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New narratives on monetary policy – the spectre of inflation

Speech by Isabel Schnabel, Member of the Executive Board of the ECB, 148th Baden-Baden Entrepreneurs’ Talk

Frankfurt am Main, 13 September 2021

Sentiment in the euro area is brightening. Despite growing COVID-19 incidence numbers, consumers and firms are becoming more upbeat about the future. The European Commission’s economic sentiment indicator has improved markedly since the beginning of the year and was near record highs in August.

At the same time, consumer prices are increasing at a faster pace, following years of very low inflation. In August, inflation in the euro area stood at 3%, significantly exceeding the 2% mark that the Governing Council of the European Central Bank (ECB) has defined as its new medium-term inflation target (Slide 2). In Germany, the inflation rate, as measured by the Harmonised Index of Consumer Prices (HICP), hit 3.4% in August – a level not seen in 13 years. And it is likely to continue growing until the end of the year.

People are understandably worried about these developments. Higher inflation lowers the purchasing power and reduces wages and interest income in real terms – that is adjusted for inflation.

Real interest rates on savings deposits in Germany are now visibly negative after the recent increase in inflation (Slide 3). Negative real interest rates are nothing out of the ordinary per se. Both before and after the euro was introduced, there were longer periods of negative real interest rates.[1]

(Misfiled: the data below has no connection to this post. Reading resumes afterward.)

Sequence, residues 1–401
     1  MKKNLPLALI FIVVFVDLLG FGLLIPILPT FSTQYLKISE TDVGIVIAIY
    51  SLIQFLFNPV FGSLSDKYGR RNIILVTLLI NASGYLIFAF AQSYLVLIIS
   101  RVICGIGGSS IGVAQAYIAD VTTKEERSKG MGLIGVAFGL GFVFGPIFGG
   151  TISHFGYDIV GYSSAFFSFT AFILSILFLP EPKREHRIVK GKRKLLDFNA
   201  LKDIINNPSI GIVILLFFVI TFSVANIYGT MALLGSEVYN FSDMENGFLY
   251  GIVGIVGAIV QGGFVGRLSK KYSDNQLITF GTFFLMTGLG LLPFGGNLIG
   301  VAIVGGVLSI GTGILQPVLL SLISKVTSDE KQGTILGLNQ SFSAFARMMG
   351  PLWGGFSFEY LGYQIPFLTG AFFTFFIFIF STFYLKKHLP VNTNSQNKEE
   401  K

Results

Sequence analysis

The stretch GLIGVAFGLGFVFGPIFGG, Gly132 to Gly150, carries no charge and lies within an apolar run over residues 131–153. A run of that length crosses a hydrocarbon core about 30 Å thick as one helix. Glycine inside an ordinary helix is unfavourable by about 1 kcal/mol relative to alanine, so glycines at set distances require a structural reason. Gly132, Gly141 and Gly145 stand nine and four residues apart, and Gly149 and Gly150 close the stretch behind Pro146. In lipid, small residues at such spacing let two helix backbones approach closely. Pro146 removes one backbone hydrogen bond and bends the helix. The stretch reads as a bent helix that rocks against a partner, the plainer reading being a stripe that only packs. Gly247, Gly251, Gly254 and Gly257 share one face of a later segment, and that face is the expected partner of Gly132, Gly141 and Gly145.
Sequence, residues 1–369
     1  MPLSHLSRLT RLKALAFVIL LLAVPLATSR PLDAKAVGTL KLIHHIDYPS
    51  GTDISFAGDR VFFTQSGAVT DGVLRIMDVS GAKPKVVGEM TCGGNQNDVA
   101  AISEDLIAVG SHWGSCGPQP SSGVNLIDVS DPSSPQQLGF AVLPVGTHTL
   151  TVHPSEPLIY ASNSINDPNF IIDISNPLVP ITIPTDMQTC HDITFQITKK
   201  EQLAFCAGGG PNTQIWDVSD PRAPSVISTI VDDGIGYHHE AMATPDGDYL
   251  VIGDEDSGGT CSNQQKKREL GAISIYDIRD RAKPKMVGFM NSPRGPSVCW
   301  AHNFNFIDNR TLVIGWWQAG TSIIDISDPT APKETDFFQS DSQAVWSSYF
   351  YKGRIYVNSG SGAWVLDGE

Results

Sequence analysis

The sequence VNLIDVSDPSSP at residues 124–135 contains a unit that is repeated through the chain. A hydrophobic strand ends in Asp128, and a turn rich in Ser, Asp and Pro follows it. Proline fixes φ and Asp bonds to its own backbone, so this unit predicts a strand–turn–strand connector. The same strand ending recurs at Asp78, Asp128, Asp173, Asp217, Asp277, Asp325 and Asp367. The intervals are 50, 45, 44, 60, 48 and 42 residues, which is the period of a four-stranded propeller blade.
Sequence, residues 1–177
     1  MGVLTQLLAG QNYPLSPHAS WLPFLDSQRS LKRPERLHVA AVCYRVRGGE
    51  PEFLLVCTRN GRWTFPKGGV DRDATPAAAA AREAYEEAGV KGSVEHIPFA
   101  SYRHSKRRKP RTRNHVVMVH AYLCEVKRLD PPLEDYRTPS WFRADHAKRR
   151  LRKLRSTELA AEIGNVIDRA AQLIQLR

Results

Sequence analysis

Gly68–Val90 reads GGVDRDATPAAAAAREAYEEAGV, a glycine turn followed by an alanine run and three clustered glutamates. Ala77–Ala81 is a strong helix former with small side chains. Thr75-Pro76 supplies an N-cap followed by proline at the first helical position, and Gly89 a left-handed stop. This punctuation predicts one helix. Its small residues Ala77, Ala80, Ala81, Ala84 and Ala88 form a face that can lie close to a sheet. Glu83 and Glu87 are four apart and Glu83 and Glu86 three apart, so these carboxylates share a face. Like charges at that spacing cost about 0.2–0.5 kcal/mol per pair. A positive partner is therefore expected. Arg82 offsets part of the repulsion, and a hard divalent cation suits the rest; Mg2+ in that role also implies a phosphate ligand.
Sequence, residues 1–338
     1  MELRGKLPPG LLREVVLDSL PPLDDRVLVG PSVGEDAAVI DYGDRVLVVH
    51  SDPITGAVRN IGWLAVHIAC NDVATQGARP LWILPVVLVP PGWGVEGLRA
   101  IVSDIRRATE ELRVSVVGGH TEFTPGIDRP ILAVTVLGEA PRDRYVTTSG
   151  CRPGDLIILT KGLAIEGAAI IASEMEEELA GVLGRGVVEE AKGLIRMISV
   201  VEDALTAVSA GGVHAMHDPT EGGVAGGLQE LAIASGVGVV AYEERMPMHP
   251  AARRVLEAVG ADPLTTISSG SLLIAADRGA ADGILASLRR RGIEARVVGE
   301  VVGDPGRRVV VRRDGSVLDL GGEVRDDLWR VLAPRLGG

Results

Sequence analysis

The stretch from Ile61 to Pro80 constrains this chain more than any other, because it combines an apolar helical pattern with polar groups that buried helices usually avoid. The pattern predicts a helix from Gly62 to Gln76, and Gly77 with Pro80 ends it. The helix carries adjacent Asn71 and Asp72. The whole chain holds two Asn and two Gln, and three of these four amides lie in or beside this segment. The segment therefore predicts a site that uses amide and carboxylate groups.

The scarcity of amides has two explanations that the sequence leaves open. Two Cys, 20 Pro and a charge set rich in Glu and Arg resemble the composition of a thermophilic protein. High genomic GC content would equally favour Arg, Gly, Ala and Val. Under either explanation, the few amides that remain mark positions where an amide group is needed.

The most recent spike in consumer prices, however, coincided with a phase of very low or even negative nominal interest rates, which compounds people’s worries. Indeed, since the ECB’s key interest rates were last lowered in September 2019, we have seen commercial banks increasingly passing negative nominal interest rates on to their customers.

Since then, the share of bank deposits of private households that are subject to negative rates has more than doubled in some euro area countries, although still only 9% of all deposits in these countries are affected (Slide 4). At 43%, the share of corporate deposits affected is already much higher.

These concerns affect us as central bankers directly – given that the ECB has a clear mandate to ensure price stability. It is therefore important to offer a factual explanation for the recent price increases and an assessment of future risks, especially in Germany where many supposed experts and the media are again rousing people’s fears without explaining the reasons behind the price movements (Slide 5).

Allusions are being made to conditions in the Weimar Republic. Comparisons are being drawn to the 1970s, when inflation in Germany was almost 8%. And there are warnings of a “meltdown” and a “runaway train” if interest rates remain low.

In my remarks today, I would like to address these inflation fears.

I will start by providing an assessment of recent developments in consumer prices against the backdrop of the long phase of very low inflation and explain why inflation in the euro area, and also in Germany, is likely to ease noticeably next year.

A premature monetary policy tightening in response to a temporary rise in inflation would choke the recovery and be most harmful to those who are already suffering from the current spike in inflation.